Following extensive design and development, we produced a 3D prototype version of our kit. We spoke to Tim Ring, the vice president of safe-tec sales and marketing who generously sent us MICROSAFE® pipette samples so we could test the compatibility of these with our kit design. These pipettes are advantageous for blood collection and allowed us to test our applied design more rigorously.

Our 3D prototype design was refined by the healthcare professionals we contacted for evalutation. The insights from Sarah Dragonetti (Registered Nurse) and Dr. Ben Riley (General Practice doctor) were hugely useful in assessing and refining the practicality of our diagnostic kit, consequently improving our applied design.

Read more here.

How will we implement our design?

We consider integration of our device into existing healthcare systems and current infrastructure a key challenge, and therefore a fundamental aspect of our applied design considerations.

We received invaluable advice from David Sprent, an expert in International Supply Chain, and Juan Solano and Alfons Van Woerkom, representatives of the Global Fund who advised us on evaluating costs of manufacture, transport and taxation of a kit for end use by the Bolivian healthcare system.

We consulted with HeLEX, (Centre for Health, Law and Emerging Technologies) and with InSIS (Institute for Science, Innovation and Society). InSIS researches and informs key contemporary and emerging issues and processes of social, scientific, and technological change. The insights from both HeLEX and InSIS were highly useful in evaluating the ethical and social issues related to our project, and heavily influenced our applied design.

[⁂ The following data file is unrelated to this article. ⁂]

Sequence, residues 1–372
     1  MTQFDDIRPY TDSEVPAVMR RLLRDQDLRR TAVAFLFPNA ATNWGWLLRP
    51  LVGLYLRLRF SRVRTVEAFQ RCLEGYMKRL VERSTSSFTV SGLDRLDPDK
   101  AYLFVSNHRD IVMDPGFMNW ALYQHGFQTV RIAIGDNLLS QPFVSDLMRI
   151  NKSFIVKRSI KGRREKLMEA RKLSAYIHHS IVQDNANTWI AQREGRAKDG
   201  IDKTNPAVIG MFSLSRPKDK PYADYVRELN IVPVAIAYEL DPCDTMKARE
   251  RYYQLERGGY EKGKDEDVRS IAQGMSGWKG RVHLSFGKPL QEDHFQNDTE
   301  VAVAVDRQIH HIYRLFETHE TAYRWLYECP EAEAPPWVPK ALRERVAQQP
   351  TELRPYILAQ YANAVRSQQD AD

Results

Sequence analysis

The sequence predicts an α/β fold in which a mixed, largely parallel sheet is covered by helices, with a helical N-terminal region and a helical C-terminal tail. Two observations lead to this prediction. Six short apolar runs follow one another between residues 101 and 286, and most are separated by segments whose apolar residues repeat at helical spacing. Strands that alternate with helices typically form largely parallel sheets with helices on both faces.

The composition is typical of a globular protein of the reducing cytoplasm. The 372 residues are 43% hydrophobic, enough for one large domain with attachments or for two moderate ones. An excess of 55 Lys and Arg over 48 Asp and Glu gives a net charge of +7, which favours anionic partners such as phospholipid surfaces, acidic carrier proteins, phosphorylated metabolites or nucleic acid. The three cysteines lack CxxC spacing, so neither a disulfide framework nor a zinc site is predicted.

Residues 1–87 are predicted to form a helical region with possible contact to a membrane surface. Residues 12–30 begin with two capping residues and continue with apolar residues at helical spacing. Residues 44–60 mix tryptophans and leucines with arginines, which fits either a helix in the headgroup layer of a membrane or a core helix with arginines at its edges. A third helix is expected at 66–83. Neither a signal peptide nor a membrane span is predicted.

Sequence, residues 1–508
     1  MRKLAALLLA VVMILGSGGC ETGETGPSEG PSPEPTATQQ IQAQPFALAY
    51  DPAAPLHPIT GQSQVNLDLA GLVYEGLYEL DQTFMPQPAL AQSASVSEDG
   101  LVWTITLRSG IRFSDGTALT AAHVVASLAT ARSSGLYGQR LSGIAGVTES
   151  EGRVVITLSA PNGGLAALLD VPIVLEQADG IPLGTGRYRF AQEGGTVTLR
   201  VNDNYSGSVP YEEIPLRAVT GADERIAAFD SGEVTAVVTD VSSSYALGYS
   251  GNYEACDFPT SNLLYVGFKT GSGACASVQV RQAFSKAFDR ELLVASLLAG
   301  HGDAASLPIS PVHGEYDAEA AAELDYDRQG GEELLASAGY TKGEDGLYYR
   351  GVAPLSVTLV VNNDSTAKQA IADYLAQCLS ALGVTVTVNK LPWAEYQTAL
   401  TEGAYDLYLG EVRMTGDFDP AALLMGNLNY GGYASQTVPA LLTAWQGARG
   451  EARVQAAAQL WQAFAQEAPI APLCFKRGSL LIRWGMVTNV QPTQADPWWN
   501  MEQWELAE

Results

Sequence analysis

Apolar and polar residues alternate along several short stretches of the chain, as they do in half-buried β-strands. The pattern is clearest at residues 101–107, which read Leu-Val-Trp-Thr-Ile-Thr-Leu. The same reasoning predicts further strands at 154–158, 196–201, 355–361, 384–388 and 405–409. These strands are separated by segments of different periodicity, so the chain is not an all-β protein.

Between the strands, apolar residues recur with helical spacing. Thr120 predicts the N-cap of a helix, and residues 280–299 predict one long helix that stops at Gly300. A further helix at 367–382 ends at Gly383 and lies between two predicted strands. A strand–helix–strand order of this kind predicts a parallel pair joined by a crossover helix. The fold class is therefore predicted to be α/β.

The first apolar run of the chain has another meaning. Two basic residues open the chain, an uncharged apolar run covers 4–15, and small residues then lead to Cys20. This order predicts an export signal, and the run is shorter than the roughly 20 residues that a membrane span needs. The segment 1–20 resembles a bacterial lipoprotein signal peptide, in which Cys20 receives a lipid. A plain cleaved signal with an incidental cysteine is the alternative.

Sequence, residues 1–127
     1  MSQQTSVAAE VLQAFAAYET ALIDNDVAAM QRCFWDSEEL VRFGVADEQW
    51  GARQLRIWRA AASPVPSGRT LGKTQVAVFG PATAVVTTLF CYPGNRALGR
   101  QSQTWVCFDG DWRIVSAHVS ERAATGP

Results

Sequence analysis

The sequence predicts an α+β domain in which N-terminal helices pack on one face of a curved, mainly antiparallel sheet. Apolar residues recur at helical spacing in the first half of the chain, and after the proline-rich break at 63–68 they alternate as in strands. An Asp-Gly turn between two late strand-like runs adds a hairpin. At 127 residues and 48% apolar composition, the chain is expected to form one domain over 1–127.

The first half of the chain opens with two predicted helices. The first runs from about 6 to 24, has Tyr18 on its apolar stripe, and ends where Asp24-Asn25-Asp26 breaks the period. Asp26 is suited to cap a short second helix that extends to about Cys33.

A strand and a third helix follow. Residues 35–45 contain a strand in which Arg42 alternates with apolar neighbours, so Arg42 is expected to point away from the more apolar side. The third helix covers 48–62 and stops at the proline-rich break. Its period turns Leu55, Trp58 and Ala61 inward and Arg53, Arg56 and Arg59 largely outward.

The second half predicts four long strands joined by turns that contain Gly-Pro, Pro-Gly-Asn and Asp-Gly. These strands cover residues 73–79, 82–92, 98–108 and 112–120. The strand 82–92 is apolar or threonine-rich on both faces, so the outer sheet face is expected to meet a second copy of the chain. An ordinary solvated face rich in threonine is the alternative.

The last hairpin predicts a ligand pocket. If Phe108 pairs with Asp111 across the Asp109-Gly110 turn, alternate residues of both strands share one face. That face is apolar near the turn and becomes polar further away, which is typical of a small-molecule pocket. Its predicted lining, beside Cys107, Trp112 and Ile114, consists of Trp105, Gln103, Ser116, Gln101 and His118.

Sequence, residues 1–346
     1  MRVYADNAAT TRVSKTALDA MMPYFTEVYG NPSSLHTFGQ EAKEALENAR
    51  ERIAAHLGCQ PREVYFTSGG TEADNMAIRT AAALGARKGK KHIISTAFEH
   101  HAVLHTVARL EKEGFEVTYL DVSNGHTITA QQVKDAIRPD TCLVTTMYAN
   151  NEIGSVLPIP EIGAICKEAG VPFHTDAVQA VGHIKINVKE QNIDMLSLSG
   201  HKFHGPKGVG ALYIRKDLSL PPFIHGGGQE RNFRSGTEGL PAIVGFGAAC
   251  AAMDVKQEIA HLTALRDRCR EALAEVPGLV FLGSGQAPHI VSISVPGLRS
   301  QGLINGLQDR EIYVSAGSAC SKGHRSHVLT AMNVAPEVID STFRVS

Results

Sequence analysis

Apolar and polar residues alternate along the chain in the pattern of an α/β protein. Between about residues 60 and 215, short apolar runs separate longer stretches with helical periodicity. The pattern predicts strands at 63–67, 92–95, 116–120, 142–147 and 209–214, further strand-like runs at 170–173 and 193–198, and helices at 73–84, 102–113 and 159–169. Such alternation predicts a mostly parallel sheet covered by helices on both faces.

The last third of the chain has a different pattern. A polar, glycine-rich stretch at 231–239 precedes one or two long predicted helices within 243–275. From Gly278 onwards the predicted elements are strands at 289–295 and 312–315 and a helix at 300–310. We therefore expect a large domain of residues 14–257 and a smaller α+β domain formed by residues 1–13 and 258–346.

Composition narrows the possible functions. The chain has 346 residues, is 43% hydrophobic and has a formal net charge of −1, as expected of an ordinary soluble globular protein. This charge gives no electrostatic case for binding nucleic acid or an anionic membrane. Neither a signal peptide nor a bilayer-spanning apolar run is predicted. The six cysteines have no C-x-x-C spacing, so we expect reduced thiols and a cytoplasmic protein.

Professor Keith Pardee has worked on cell-free technologies, and he informed us how cell-free systems could solve a lot of issues around safety and cost.

Dr Piers Millett is a Senior Research Fellow at the Future of Humanity Institute, and he introduced us to the concept of platform technologies and how this could be applied to our project. This provides a good way of fast tracking future developments because the platform will already have met regulatory approval, therefore allowing the device to be more rapidly adapted for other diseases.

Read more here.


Carlier, Y. and Truyens, C. 2017 Maternal-fetal transmission of Trypanosoma cruzi. Second Edition, American Trypanosomiasis Chagas Disease: One Hundred Years of Research: Second Edition. Second Edition. Elsevier Inc. doi: 10.1016/B978-0-12-801029-7.00024-1.

Cencig, S. et al. 2012 ‘Evaluation of benznidazole treatment combined with nifurtimox, posaconazole or AmBisome?? in mice infected with Trypanosoma cruzi strains’, International Journal of Antimicrobial Agents. Elsevier B.V., 40(6), pp. 527–532. doi: 10.1016/j.ijantimicag.2012.08.002.